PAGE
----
The Puyallup tribe originally spoke the Txʷǝlšucid or Twulshootseed local dialect of the Southern Lushootseed language of the Salishan family of languages, predominant among Northwest Coast indigenous peoples. They share a culture similar to that of other Northwest tribes, with a diet that depended on fishing salmon and other regional fish.
With a land area of 73.935 km² (28.547 sq mi), the reservation () is one of the largest in the Northwest. Its size notwithstanding, it is often not shown on Washington maps because it has been so thoroughly sold off to non-Natives.
Due to land sales at a time when land was distributed to householders and other developments, neighboring jurisdictions have territory within the reservation. The city of Fife, Washington lies entirely within the reservation as does much of the Port of Tacoma. The total population within the reservation is predominantly non-Native and not tribal members, according to the 2000 census.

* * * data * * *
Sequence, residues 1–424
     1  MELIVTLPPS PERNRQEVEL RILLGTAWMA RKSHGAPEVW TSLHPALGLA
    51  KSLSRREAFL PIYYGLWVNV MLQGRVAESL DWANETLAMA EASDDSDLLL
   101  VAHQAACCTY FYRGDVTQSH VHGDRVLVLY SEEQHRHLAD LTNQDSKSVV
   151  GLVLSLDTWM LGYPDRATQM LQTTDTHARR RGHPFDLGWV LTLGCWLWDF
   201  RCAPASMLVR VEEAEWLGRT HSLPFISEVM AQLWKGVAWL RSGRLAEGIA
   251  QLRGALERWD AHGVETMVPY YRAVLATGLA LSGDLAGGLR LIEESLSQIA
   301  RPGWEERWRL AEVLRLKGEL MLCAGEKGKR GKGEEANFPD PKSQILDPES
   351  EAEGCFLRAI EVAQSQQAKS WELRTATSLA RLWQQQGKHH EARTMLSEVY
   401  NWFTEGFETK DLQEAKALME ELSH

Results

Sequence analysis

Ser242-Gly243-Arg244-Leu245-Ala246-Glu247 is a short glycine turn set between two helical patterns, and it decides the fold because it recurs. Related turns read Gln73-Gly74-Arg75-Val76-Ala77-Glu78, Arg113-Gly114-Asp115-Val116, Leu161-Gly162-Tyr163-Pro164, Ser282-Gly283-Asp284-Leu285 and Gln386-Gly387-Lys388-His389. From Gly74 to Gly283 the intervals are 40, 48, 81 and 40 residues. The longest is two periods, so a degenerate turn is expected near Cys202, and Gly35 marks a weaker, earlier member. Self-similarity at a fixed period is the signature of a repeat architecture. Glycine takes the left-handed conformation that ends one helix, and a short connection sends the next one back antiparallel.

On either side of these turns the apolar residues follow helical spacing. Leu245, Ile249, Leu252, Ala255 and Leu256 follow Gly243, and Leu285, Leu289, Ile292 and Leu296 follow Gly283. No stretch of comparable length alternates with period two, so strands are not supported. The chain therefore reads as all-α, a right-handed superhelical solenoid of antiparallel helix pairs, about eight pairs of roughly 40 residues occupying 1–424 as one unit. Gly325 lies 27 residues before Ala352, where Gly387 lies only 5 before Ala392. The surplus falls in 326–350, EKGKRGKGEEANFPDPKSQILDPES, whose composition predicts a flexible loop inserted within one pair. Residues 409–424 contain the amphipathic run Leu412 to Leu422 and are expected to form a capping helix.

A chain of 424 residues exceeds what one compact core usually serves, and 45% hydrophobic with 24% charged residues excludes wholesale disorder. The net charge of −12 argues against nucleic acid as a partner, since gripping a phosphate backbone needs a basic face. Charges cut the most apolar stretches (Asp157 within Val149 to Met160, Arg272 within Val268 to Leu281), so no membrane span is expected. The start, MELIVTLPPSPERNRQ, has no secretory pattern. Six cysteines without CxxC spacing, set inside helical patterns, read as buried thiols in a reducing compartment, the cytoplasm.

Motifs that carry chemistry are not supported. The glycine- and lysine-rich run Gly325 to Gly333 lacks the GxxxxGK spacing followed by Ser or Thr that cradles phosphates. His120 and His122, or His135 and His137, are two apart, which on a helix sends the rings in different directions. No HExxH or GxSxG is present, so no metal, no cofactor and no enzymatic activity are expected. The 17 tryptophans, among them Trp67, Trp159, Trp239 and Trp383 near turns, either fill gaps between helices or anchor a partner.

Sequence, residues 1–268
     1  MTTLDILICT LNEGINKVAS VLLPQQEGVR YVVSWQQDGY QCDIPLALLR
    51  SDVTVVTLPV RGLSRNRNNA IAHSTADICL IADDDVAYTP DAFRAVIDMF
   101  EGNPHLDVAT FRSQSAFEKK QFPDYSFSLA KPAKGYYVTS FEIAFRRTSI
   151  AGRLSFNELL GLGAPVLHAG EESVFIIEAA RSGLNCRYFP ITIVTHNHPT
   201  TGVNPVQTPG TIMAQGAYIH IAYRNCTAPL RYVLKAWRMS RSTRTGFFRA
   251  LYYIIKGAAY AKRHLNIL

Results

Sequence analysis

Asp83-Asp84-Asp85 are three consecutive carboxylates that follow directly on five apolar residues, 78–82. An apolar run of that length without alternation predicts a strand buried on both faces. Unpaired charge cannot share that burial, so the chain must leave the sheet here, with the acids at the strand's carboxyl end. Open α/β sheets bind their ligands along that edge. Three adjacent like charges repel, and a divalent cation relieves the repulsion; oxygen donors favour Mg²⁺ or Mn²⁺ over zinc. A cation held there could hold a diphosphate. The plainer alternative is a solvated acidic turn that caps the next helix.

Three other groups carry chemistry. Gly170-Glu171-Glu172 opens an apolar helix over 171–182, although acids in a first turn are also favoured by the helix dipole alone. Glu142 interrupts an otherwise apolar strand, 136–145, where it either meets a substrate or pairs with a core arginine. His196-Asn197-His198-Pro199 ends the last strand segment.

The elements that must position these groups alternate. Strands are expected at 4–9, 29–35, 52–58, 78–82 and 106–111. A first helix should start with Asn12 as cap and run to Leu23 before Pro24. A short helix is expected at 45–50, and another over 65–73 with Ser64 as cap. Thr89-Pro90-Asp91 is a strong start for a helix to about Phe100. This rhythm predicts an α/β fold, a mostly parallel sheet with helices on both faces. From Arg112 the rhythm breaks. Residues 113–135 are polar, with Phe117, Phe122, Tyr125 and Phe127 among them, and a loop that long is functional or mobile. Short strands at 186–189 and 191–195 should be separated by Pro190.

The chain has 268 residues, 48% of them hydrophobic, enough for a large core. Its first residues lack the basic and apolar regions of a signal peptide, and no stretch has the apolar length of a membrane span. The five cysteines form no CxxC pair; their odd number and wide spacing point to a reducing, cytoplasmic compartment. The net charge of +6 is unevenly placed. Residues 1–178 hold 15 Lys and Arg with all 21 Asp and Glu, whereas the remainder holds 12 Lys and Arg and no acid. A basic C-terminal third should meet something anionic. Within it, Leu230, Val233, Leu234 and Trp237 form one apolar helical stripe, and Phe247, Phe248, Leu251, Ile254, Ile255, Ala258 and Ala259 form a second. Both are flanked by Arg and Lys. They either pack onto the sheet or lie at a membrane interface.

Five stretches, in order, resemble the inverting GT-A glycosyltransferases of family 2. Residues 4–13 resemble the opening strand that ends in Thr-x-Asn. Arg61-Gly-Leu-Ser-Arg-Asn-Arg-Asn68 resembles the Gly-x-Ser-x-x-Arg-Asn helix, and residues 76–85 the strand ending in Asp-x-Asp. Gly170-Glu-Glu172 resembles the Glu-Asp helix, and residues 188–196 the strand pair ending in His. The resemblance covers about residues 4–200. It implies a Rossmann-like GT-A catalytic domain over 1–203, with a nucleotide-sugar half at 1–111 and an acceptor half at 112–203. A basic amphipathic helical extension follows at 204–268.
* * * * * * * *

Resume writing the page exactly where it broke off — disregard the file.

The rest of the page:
From the mid-nineteenth century, European Americans began to enter the area in greater numbers. The United States wanted to enable development of lands and settlement by these people. They arranged with the Puyallup and several other tribes, under the Treaty of Medicine Creek (1854), for the tribes to cede land to the US and go to the more restricted area of a reservation. This was initially designated for residence only by tribal members. The Puyallup and United States representatives had such different conceptions of property that they did not fully understand each other's position. While the tribe lost most of its historic territory, it retained rights for fishing, hunting and gathering on that land.
The Port of Tacoma and the Puyallup Tribe reached a $162 million settlement in 1989–1990, enabled by the Puyallup Tribe of Indians Settlement Act of 1989. It became one of the largest 20th century Indian land claims settlements.